When you are looking for a bike you want to think about what types of riding you will be doing. Are you going to only ride on pavement or concrete roads and paths? Are you going to want to ride off road on dirt paths or roads?

My personal opinion is that everyone should start off on a cruising bike or a hard tail mountain bike. These bikes are the most comfortable with an upright riding position. This means you will be able to ride with less back and arm strain. You will also be able to look around more clearly which is great for safety.

A cruising bike is mainly for riding on paved surfaces. There is very little tread to the tires and only a few gears, if any. When we lived in Phoenix we had a lot of bikes and 2 of them were our cruising bikes. They may have had coconut can holders. For soda of course.

A hard tail mountain bike gives you the most options for riding a variety of terrain. The tires are larger and have more tread for riding in softer terrain like dirt, gravel, and sand. If the bike was made after 2000 it probably has a front suspension fork.

There are a lot more types of bikes than these two, but when you are just getting started they keep it simple and fun. They will make you feel comfortable which means you are going to have a better chance of enjoying your first few rides. Before the saddle soreness kicks in. πŸ˜‰

Once you find a bike that rides well and is within your budget you will either want your mechanically inclined bike friend or local bike shop to look it over. Just like with a used car there are a lot of things that can go wrong with a bike. Its no fun to get home and find the bearings are shot or the cables need to be replaced.

I hope some of that helps you if you are looking for a bike. Let me know if you have any questions. Tomorrow we will cover proper clothing and tools for riding you bike.


3 sets of 8 minute high tempo intervals at heart rate zone 4. This is a challenging workout and I went out too hard on the first one. By the 3rd I was getting the tempo right and felt great.

Happy Thursday! See you tomorrow!

Off the Bike

One Fifth : 20/100

Today marks the 20th day of the 100 days of blogging challenge. We are 1/5th of the way through the challenge and I am happy to have made it this far. My past attempts at something like this have been for 30 days and I don’t know that I made it past 10 days in those. I also feel like I am writing a little better, maybe. πŸ˜ƒ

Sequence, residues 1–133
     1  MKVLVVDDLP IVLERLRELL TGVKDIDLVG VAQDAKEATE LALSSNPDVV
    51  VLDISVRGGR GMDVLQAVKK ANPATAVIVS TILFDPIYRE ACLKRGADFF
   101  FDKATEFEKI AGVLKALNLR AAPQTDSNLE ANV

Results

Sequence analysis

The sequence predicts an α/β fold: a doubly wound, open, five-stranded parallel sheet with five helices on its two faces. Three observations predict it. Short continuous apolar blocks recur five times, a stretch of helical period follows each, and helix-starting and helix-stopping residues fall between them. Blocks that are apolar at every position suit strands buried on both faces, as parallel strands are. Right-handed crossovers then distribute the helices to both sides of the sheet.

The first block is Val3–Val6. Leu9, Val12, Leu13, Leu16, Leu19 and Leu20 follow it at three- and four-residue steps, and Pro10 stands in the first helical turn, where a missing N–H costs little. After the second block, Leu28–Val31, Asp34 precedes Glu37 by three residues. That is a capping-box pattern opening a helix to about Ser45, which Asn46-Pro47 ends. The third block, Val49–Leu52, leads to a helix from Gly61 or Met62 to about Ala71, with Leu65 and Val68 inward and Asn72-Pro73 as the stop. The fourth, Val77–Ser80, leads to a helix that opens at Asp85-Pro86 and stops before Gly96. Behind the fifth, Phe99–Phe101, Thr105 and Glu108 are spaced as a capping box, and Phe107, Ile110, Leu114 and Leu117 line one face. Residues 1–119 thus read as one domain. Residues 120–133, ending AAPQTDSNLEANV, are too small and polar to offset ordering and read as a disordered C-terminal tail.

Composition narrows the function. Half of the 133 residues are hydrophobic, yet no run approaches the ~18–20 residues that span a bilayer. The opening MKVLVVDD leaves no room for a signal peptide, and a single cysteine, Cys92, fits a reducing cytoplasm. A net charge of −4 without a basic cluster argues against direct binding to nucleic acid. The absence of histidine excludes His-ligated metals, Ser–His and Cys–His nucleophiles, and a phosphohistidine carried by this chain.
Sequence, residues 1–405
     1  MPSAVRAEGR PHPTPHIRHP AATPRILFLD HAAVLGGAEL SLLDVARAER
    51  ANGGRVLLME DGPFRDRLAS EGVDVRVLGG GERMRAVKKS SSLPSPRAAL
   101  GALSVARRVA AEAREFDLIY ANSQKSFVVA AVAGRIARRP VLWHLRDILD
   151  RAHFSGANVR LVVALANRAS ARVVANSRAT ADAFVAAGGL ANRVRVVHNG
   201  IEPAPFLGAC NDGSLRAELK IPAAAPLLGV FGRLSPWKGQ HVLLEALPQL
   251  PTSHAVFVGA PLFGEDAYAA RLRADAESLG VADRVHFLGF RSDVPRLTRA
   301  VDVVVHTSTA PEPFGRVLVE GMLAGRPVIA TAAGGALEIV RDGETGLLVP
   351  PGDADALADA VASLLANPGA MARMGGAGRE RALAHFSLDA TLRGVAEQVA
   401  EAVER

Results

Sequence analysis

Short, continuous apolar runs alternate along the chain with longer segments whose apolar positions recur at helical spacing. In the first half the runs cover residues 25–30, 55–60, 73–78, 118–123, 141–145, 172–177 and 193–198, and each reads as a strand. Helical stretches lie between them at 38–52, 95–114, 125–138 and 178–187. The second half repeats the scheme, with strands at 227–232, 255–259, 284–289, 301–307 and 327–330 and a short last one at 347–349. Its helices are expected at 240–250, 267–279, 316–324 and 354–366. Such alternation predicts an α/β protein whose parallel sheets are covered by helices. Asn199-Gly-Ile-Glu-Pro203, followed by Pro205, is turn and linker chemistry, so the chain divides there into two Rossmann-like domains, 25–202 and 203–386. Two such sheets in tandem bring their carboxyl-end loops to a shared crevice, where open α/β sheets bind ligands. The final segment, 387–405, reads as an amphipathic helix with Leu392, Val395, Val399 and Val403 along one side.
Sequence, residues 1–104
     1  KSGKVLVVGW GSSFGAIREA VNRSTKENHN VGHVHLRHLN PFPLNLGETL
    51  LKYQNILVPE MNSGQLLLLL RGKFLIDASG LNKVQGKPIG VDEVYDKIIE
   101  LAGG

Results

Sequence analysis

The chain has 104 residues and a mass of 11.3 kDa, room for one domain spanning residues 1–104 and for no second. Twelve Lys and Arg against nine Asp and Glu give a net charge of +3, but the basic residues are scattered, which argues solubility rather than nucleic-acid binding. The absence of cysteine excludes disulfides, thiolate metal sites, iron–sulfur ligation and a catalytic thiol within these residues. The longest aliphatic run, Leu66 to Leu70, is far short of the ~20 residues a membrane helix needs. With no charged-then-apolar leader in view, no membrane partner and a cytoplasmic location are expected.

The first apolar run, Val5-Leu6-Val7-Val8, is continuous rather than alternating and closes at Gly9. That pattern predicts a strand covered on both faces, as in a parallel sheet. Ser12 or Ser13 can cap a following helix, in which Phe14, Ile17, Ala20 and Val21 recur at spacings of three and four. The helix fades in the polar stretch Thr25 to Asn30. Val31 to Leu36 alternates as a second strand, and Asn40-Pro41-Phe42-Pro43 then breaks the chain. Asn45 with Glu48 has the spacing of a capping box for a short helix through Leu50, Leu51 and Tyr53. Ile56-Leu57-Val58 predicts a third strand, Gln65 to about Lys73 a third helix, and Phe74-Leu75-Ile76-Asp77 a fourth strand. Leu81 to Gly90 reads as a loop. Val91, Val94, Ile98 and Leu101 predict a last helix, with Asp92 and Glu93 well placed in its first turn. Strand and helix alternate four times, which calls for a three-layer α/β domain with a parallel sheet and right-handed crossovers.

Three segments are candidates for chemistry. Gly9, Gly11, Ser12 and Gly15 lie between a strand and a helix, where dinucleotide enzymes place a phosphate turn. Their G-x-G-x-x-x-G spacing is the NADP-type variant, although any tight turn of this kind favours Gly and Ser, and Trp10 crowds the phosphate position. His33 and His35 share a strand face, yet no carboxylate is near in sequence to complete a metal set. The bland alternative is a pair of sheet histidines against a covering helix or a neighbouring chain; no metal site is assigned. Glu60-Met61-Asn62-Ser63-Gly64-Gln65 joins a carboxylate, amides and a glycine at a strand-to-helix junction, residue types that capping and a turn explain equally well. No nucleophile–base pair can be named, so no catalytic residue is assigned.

When I proposed the challenge my thinking was that this would be something good to distract us from the Pandemic. My goal is to write about something positive happening in my world each day. Since I am in the middle of a training program I always have the fallback of talking about my daily workout, which seems to qualify as a positive thing by default.

I am also trying to push beyond just talking about my workouts. Getting into different aspects of my day without dwelling on the negatives. There isn’t a coherent strategy to any of this, its just my life. By focusing on positive things I sense that it helps me keep a better attitude about the larger situation we are all in.

Some days I worry that I am not writing about something interesting for others to read. Usually my wife sees this and reminds me that the point of the challenge isn’t to become a professional blogger. The point is to post something positive everyday for 100 days. If others happen to find something interesting there then great. Otherwise I am at least meeting the challenge.

Showing up is 80 percent of life

Woody Allen

Will writing these 100 blog posts increase my fame and fortune? Probably not directly but who knows what will happen. Simply showing up at the keyboard that I already spend a minimum of 8 hours on a day, and writing about anything has to accrue some meaning. Maybe its inspiring someone else to do the same? Since I work remotely this may help me connect with coworkers, and lead to better communication during work? At the very least I am practicing my writing.

Workout Details

Today is a strength training day and I did the recommended routine. I was feeling really tired last night and still a bit this morning. I did the workout but a little slower and chose to listen to an audio-book rather than loud fast music.

Overall I felt pretty good about the workout but am paying attention to how tired I have been feeling. I don’t think I am at risk of over-training but it is something to be aware of.

Happy humpday!

Daily Ride

Sprints : 19/100